TYLER (TYLER MORNING TELEGRAPH) - Once a supervisory agent in the Tyler FBI office, Jon Gordon Brody now awaits sentencing in a federal court on a weapons charge following his plea of guilt.
Documents obtained from the U.S. District Court Eastern District of Texas confirm information received by the Tyler Morning Telegraph that Brody, 44, pleaded guilty in May after Bureau of Alcohol, Tobacco, Firearms and Explosives agents conducted a search warrant on his Lindale home.
Brody was assigned to the Tyler office where he resigned in 2008, according to FBI officials in Dallas. The FBI would not divulge the reason the agent who led the Tyler office suddenly resigned from his post, but would say he was with the agency from 1998 to 2008.
Records and law enforcement officials confirm Brody was arrested twice on driving while intoxicated charges in Lindale and in Rockwall County in late 2010, but those charges were combined and reduced to Class C misdemeanor reckless driving in the Smith County Court at Law 2 in February of this year.
In the documents detailing the federal weapons charges, including a U.S. Attorney’s Information, Brody admitted he possessed a homemade microguard silencer, which was not registered to him in the National Firearms Registration and Transfer Record.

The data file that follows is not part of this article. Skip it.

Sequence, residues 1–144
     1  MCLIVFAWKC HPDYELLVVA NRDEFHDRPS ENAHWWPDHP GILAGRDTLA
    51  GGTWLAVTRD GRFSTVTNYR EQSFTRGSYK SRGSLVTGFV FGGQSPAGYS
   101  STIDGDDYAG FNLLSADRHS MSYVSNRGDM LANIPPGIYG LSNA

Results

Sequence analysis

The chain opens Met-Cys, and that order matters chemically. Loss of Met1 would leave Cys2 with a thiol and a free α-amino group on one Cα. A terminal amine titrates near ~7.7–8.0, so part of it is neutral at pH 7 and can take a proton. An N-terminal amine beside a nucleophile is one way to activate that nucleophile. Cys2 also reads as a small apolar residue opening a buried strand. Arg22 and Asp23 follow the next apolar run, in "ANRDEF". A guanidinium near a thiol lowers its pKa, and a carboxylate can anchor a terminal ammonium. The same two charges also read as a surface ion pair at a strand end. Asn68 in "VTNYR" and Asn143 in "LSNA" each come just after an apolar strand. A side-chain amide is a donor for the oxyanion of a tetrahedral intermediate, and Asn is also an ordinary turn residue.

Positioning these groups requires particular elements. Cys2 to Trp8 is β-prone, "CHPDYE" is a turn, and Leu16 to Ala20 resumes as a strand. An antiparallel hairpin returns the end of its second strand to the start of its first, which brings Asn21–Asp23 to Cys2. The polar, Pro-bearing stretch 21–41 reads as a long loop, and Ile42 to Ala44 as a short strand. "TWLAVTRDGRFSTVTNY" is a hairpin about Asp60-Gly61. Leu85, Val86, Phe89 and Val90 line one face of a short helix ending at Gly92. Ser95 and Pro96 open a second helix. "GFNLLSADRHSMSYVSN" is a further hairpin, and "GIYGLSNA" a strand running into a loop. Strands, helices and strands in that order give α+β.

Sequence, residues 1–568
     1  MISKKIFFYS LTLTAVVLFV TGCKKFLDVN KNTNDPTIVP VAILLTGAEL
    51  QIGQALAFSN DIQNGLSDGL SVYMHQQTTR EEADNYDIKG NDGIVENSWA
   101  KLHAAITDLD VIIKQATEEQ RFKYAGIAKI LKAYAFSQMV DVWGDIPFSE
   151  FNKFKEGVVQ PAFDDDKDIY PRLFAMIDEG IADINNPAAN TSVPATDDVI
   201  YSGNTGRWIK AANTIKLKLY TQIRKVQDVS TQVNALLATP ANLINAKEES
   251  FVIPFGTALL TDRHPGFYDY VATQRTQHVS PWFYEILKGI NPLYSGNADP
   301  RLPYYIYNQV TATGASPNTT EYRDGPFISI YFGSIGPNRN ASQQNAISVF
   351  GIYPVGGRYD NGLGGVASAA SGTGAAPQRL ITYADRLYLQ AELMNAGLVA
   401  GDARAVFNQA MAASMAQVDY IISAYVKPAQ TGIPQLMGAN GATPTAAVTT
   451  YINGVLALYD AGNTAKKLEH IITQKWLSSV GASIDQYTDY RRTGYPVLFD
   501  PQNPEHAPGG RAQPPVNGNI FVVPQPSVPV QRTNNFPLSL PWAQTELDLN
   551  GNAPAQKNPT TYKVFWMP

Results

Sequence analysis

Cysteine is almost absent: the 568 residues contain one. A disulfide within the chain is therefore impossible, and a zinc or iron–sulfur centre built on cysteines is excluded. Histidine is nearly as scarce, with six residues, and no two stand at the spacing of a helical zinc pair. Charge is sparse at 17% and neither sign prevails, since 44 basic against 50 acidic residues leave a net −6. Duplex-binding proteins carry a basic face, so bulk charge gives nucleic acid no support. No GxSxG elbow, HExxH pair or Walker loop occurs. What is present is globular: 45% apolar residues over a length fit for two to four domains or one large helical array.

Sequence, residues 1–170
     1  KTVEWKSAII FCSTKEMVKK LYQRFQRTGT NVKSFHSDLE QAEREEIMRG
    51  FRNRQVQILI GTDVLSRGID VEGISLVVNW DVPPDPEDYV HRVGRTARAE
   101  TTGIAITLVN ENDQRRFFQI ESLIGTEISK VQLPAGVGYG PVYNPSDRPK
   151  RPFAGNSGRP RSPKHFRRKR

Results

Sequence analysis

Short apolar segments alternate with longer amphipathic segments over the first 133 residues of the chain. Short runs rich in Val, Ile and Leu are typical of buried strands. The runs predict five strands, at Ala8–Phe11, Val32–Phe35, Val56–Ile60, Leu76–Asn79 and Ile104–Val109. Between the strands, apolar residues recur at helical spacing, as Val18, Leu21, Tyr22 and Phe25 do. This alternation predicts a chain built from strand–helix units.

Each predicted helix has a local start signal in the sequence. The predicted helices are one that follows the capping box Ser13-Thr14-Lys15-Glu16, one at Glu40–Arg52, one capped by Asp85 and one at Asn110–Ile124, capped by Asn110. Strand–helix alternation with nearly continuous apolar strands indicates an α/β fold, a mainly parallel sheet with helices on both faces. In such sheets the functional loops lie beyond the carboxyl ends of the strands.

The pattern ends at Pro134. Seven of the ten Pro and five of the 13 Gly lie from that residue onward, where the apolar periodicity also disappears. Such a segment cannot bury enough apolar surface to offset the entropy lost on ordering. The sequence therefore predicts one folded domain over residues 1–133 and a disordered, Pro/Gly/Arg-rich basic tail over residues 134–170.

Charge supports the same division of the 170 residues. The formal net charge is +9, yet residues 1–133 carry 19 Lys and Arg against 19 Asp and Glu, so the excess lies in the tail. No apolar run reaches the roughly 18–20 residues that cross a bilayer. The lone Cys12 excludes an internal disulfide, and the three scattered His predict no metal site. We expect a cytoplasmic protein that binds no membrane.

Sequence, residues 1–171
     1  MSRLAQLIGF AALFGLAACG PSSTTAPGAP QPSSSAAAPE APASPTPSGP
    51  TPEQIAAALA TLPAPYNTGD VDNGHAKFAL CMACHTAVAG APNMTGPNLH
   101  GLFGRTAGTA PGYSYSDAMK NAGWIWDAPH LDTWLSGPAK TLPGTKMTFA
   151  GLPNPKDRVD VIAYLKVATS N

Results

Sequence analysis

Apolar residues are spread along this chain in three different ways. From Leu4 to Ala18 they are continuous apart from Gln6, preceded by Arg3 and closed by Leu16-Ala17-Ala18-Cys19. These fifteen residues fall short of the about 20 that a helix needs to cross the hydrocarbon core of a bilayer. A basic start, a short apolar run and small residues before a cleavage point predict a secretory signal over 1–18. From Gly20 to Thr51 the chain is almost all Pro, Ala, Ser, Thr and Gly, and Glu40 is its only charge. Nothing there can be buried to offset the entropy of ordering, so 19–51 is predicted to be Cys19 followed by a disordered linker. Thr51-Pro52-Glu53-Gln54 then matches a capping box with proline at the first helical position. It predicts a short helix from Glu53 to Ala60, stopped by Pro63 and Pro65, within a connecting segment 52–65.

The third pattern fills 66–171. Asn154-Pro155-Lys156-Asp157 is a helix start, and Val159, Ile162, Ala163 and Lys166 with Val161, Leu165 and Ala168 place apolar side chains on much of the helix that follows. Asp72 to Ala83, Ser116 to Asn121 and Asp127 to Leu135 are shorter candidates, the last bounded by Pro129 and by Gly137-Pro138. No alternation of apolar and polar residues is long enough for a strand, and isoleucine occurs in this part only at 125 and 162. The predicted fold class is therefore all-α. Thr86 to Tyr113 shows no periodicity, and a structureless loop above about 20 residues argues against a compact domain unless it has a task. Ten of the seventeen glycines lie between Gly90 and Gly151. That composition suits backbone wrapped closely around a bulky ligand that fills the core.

Much of the case remains sealed in the federal court, but some federal officials who are knowledgeable about the case but could not comment on the record said an investigation into Brody was initiated after information of possible illegal activity by the former agent began to surface earlier this year.
One official said the investigation supported the issuance of a search warrant, and during a search on Brody’s home in April the silencer was found.
ATF officials said it is not illegal to own a silencer if you have the item registered.
According to court documents that have been unsealed, ATF agents seized 43 firearms including, rifles, shotguns, handguns, several thousand rounds of ammunition, 53 assorted caliber magazines, the silencer, FBI credentials, FBI business cards and FBI reports.
Federal officials could not say when Brody might be sentenced, but did state the former agent could face up to 10 years imprisonment. However, one official said due to Brody’s cooperation, he could receive as little as five years probation.